If you have taken a coach to JB from Queens Street bus terminal at Rochor Canal Road, you would probably pass by or notice the rows of shop selling dried seafood and tonic.
Dried seafood are often used to impart Unami flavour to a dish and are very frequently used to enhance the flavour of cantonese soups.
Here are 5 types of more commonly used dried seafood which you can easily find at supermarket
Dried flounder is a dehydrated flat fish which is also known as sole fish. Dry flounder are rich in protein, vitamins, and minerals that help in maintaining good health. They contain calcium, iron, magnesium, phosphorus, potassium, sodium, and zinc.
You can make dried flounder into powder form after toasting it. Use the dry mill of your blender to grind into a powder form and you can keep it in an airtight container for 3 months and add it to your dishes anytime when you need it for your cooking.
Dried flounder is good for adding flavour to soups and meat fillings for wontons. It is also a key ingredient in making the flavourful broth for fish soup/ fish head steamboat
Dried scallops is a common ingredient in Cantonese cuisine and it can be used in cooking or adding to soup and porridge for extra sweetness and Unami flavour. It can be made into XO sauce, which main ingredients consist of dried scallops and dried shrimps and chilli. It is extremely flavourful when used in stir-frying and when served as a condiment.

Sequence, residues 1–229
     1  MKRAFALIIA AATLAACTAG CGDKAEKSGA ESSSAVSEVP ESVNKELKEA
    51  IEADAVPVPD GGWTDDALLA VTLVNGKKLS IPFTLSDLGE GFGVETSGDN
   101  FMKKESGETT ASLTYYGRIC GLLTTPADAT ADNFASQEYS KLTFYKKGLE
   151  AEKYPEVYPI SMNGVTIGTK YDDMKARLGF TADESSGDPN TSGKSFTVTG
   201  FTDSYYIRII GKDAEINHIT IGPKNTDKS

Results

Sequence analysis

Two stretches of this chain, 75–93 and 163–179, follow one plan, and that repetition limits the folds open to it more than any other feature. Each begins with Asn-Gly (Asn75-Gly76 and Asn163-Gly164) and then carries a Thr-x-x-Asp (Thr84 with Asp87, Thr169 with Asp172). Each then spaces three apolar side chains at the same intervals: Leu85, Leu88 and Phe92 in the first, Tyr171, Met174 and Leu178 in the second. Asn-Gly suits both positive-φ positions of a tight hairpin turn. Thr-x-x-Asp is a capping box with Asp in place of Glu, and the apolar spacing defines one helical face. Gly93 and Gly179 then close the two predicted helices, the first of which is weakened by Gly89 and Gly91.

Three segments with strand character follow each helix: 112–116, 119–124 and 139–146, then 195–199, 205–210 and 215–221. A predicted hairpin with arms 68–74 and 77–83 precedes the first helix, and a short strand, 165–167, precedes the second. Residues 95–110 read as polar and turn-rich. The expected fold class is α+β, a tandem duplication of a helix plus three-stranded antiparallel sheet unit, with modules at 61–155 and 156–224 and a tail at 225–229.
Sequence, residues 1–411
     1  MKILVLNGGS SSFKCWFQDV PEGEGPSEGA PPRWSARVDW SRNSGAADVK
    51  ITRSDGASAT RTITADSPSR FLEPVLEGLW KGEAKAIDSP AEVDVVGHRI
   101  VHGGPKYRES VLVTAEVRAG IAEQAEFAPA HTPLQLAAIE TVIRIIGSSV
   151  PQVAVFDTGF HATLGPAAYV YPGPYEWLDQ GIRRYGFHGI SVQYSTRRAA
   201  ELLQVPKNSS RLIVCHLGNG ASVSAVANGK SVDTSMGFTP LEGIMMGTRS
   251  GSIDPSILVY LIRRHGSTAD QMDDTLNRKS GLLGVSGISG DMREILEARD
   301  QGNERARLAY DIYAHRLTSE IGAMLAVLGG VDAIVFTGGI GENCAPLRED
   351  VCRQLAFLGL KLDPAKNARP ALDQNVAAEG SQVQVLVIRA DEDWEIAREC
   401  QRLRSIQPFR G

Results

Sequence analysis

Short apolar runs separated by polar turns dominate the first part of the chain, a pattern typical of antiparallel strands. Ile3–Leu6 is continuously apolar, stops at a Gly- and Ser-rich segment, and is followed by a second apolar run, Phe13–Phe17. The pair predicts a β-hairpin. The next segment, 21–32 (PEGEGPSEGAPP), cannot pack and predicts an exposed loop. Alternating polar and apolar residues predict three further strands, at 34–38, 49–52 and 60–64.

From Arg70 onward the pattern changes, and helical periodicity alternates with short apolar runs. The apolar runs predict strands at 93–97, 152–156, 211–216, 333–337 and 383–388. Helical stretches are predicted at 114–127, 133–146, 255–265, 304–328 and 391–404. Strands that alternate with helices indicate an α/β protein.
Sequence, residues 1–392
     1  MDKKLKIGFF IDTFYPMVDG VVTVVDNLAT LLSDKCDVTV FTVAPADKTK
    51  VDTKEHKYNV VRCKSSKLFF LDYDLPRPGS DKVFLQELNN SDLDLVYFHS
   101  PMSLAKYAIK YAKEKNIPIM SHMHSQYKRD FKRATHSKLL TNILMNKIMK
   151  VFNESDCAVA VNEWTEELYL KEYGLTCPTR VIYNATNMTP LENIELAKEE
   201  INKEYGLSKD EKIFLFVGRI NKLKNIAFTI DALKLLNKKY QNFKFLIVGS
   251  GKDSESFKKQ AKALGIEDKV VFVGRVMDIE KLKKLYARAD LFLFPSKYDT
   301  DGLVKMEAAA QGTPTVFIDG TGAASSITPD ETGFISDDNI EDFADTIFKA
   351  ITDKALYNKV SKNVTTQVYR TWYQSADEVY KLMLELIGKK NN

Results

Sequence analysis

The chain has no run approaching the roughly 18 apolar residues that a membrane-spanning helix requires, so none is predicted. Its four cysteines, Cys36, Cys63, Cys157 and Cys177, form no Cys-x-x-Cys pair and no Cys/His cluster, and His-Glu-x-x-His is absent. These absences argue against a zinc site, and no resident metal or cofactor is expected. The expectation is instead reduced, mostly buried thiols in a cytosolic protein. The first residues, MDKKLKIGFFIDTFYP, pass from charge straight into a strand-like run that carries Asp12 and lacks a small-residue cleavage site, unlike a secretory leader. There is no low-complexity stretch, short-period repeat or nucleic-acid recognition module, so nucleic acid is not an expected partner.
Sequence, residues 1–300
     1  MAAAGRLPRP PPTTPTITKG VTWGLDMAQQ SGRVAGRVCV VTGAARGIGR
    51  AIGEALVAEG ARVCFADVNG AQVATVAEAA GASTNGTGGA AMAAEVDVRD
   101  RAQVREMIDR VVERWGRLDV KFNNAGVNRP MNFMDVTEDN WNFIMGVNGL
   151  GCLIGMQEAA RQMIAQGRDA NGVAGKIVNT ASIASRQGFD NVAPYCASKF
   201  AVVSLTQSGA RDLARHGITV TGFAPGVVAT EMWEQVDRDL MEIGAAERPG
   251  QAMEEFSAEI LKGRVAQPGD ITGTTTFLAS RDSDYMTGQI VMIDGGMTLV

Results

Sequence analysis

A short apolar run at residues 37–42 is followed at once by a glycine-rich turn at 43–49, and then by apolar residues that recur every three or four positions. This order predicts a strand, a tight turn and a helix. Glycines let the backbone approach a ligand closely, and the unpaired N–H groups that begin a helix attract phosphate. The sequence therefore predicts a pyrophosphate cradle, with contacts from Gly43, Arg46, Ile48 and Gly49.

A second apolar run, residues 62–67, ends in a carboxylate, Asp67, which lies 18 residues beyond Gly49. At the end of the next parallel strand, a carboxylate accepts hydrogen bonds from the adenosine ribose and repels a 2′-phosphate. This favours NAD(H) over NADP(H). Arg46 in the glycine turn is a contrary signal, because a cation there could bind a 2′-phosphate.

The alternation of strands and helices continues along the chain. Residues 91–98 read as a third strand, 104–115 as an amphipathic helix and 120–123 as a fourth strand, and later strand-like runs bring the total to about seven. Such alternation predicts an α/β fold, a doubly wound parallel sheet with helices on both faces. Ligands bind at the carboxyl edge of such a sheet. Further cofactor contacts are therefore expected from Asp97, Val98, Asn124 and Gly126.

Dried octopus is a preserved carcass of a small octopus. It is usually added to Cantonese double boiled soup aka 老火汤 that is slow boiled over long hours to bring out the flavours of the soup. Dried octopus needs to be pre-toasted prior to adding to soup broth to remove the fishiness and to release the flavour.
Dried oyster which is also known as “Ho Shi” in Cantonese. It is a key ingredients for Chinese New Year dishes and is often cooked with black mosses (Fatt Choy) and together they represent 好市发菜 means good luck and prosperity.
It is excellent for stews, braised dishes, soups and porridge. It has a strong intense seafood smell and should be soaked in warm water and rinsed before using to remove excess salt and grit.
Dried shrimp is an inevitable ingredient for making sambal and rempah. It is more often used in stir frying and making spice pastes. It is also added to laksa and prawn noodle broth for extra Unami flavour. Deep shrimps require soaking in water before using to remove the impurities. Deep fried dried shrimp makes an excellent condiment toppings on salad, porridge and dishes for extra crunch and flavour. Dried shrimps are classified as different grades, where the grades will affect the price and size of the shrimps.
Dried seafood has a long shelve life and when store properly, it can be kept for up to 2 years in the fridge. It can also be grind into power form used as natural food seasoning or to be made into sauce and paste for convenient use.